Why investors see opportunity in 2024’s financial market

Looming elections are likely to be a barrier to M&A deal activity beyond September. But deal activity across non-banking areas of the sector remains robust, and attendees at RBC Capital Markets’ Financial Institutions Conference suggest a positive sentiment. Vinnie Badinehal, Head of Financial Institutions, and Jason Braunstein, Head of Financial Institutions M&A, assess the sector’s progress.

By Vito Sperduto, Larry Grafstein, Venkat (Vinnie) Badenihal & Jason Braunstein
Published April 5, 2024 | 22 min read

Key Points

  • Record attendance at RBC Capital Markets’ Financial Institutions conference highlights the opportunities for investors during a time of volatility.
  • Dealmakers in the sector are likely to avoid encroaching on the U.S. election period in case of delay.
  • Robust activity and major deals are set to continue in the insurance, wealth, and alternative asset spaces.
  • Fintech M&A has not reached the predicted levels, as financial institutions have been able to achieve tech advances in-house.

View audio transcript


What was the mood of delegates at the recent conference?

Vito Sperduto: We had over 140 companies and over 900 attendees at this year’s event, which are records. This could be an indicator of the types of activities our clients are anticipating.

Vinnie Badinehal: The overall dialogue that we had with our clients, and that clients had with investors, was probably more robust, engaging, and interactive than we’ve ever seen. This is why we tend to be very optimistic about the years to come for the financial services sector.

Jason Braunstein: The other reason investors are showing up in greater numbers is this is when you make money in the sector. The financial services business is typically a ‘Steady Eddy’ kind of business: you can’t make outsize returns unless there’s a big catalyst. When you have turmoil, ups and downs, uncertainties, this is the time when you can make a real return.

‘Investors are showing up in greater numbers because this is when you make money in the sector’

Jason Braunstein, Head of Financial Institutions M&A

What impact will the U.S. election have on M&A in the sector?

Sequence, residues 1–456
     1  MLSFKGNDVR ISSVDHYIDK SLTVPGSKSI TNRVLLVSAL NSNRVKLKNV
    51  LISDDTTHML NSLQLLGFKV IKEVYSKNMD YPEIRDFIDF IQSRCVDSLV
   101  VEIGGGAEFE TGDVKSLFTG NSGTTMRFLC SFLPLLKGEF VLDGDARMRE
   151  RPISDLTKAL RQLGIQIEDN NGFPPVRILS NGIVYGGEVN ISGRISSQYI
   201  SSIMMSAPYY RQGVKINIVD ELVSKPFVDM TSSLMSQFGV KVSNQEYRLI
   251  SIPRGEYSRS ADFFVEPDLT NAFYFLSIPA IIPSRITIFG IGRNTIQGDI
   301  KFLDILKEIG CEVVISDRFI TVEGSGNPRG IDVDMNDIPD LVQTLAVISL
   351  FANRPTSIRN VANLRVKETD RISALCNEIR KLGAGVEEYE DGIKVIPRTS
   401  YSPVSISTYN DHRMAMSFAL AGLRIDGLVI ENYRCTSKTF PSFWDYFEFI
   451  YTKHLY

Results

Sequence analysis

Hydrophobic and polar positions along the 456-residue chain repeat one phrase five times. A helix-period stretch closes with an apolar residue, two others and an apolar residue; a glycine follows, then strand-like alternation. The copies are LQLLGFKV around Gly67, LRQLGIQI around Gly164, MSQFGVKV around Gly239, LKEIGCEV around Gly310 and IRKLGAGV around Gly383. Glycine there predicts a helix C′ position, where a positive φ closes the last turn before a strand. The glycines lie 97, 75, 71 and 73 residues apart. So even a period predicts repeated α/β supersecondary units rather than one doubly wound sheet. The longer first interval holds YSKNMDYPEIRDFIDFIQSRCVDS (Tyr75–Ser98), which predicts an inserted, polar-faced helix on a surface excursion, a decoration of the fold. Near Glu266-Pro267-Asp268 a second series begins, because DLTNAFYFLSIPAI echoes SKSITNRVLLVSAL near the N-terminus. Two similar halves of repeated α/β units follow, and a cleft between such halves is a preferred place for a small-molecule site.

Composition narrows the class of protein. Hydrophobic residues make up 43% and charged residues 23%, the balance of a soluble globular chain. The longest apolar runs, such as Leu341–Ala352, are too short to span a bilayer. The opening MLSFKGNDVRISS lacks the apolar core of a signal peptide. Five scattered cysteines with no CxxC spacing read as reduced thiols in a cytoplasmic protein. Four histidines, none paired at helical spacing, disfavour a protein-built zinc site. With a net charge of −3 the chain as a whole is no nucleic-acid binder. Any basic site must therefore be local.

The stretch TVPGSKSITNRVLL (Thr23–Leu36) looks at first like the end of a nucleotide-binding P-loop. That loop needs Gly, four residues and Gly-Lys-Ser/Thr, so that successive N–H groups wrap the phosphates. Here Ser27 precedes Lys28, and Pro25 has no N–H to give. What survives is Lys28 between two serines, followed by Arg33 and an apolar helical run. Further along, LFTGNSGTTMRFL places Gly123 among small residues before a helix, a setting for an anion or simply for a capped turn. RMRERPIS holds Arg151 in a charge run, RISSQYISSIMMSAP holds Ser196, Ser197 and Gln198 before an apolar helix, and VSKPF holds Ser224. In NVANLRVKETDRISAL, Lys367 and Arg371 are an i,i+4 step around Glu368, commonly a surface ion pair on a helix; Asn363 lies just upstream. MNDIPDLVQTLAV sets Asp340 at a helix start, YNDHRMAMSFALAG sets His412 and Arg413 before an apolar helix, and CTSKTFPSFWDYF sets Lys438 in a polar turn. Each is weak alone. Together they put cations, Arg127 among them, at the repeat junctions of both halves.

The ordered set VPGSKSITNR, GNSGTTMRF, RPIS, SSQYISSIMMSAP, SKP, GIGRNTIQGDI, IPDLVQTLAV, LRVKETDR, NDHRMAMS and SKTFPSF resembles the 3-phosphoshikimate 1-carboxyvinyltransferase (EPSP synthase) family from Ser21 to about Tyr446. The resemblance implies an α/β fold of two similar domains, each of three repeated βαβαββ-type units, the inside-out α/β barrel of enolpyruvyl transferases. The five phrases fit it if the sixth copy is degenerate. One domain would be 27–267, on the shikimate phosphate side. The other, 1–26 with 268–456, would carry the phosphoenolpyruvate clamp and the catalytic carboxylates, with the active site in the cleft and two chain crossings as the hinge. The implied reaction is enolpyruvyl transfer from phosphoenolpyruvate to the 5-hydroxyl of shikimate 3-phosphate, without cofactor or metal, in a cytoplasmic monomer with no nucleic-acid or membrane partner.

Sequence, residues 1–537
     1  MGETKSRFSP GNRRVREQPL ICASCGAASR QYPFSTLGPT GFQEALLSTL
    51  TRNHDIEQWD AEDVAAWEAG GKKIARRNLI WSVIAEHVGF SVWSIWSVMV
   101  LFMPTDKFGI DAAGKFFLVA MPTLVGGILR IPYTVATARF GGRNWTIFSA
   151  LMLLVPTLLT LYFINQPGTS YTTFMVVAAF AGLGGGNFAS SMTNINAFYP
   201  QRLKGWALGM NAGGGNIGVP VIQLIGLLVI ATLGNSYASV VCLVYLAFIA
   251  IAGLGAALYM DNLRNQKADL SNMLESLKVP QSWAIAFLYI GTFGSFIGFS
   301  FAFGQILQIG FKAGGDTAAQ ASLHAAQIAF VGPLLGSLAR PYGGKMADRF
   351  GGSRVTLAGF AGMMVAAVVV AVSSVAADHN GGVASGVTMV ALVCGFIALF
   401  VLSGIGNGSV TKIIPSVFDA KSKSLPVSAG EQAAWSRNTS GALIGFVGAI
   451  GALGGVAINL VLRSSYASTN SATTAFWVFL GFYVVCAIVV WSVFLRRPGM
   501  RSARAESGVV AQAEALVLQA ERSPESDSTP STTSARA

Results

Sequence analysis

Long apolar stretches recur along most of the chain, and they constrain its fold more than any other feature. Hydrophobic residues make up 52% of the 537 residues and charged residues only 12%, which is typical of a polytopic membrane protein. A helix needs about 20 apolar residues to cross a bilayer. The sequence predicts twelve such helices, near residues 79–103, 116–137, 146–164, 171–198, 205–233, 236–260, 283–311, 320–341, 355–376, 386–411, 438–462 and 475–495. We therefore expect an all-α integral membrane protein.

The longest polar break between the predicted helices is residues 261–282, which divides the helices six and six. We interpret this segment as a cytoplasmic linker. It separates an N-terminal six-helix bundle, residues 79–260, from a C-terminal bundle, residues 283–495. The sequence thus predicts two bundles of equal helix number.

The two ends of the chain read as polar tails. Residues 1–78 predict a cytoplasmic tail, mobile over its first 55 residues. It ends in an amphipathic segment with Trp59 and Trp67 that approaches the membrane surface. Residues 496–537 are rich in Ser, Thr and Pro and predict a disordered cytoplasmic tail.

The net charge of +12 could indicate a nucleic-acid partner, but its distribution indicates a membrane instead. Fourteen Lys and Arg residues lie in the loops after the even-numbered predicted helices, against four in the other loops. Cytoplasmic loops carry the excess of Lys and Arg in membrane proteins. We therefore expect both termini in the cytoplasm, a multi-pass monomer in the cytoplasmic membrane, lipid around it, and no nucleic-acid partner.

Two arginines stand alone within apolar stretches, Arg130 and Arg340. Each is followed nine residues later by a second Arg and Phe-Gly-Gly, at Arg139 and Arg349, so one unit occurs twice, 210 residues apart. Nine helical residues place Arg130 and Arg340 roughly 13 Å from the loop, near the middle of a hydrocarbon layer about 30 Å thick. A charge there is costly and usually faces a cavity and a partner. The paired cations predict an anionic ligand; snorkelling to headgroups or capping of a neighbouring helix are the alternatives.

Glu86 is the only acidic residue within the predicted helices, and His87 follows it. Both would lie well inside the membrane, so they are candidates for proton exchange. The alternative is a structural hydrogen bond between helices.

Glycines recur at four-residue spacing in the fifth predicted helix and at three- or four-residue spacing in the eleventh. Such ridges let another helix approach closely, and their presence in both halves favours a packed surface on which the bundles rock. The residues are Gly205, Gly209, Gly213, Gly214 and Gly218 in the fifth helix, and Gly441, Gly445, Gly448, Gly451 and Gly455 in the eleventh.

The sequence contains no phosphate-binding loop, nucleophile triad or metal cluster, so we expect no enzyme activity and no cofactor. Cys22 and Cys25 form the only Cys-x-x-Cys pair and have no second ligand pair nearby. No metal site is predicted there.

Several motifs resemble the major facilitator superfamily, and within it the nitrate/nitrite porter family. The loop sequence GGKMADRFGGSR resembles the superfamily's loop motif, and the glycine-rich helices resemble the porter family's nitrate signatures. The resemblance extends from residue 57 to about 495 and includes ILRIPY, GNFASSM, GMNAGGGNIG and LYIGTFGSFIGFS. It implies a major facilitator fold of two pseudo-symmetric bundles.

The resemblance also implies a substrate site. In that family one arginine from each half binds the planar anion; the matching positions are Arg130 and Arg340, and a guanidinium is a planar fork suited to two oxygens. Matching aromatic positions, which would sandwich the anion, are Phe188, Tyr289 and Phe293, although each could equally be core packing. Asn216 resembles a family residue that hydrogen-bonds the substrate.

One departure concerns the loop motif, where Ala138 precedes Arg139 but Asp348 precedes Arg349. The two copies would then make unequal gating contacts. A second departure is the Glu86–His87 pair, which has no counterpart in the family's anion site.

Sperduto: We expect the first half of this year to be active. We’ve counseled clients that September and October of this year, we’ll have a lot of noise in the system, given the election, and as a result, it’s unlikely that folks are going to want to be in the market at that point.

Braunstein: What’s on clients’ minds, more than rates, is the political environment. If you go across an election, and there’s a new administration, and your deal gets extended by five months, that’s a disaster.

‘If you go across an election and your deal gets extended by five months, that’s a disaster’

Jason Braunstein, Head of Financial Institutions M&A

What are the trends in the sector in areas other than banking?

Badinehal: In insurance, we see a continued trend of some of the live companies moving to more of an asset-light model. You’ll see the continued role of PE players trying to establish subsidiaries, ownership, or support of life insurance companies as a provider of funding for assets.

On insurance brokers, we see continued activity and probably moderation of valuation. We’ve seen the biggest deals that the sector has ever seen, with Aon acquiring NFP, and CD&R and Stone Point acquiring Truist.

In the wealth space, we saw CI Wealth Management and others being able to get new investment in terms of new players. We also saw Stone Point and CD&R acquiring Focus Financial.

There has been huge growth in multiples in the alternative asset management space, and traditional asset management companies diversifying, with BlackRock pursuing the acquisition of GIP. So we’ve actually had one of our busier years in M&A across the financial services landscape, and we’re seeing these trends continue in 2024.

‘You’ll see the continued role of PE players trying to establish subsidiaries, ownership, or support of life insurance companies’

Vinnie Badinehal, Head of Financial Institutions

Are financial institutions maintaining their edge in tech capabilities?

Sperduto: If we go back five years plus, there was a very significant conversation with clients about acquiring technology, building a resilience around that element of the business, and certainly using it to supplement their fee businesses as costs are coming down. Banks have maybe struggled to integrate fintech businesses.

Badinehal: We’ve seen some of them develop capabilities or buy smaller platforms, where the capital investment was not as high. In terms of the larger players, we have not seen as much as we would have envisioned five years ago, but the interest in expanding on capabilities and being more competitive remains.

Braunstein: The technological advances are massive throughout the sector, but they’re taking place more and more within the banks than outside. Our financial institutions in general have done a good job in housing the technology advances, rather than waiting for a disruptor to get there first.

Badinehal: Five years ago, we also thought a lot of the traditional tech companies would move into financial services. They’re certainly trying to play a meaningful role, but they’re also being cautious on how far they go, so as not to attract the attention of the regulators.

‘Financial institutions have done a good job in housing the technology advances, rather than waiting for a disruptor to get there first’

Jason Braunstein, Head of Financial Institutions M&A

Our Experts

Vito Sperduto
Vito Sperduto
Global Head, Mergers & Acquisitions,
Larry Grafstein
Larry Grafstein
Deputy Chairman, Global Investment Banking
Venkat (Vinnie) Badenihal
Venkat (Vinnie) Badenihal
Head of Financial Institutions
Jason Braunstein
Jason Braunstein
Head of Financial Institutions M&A

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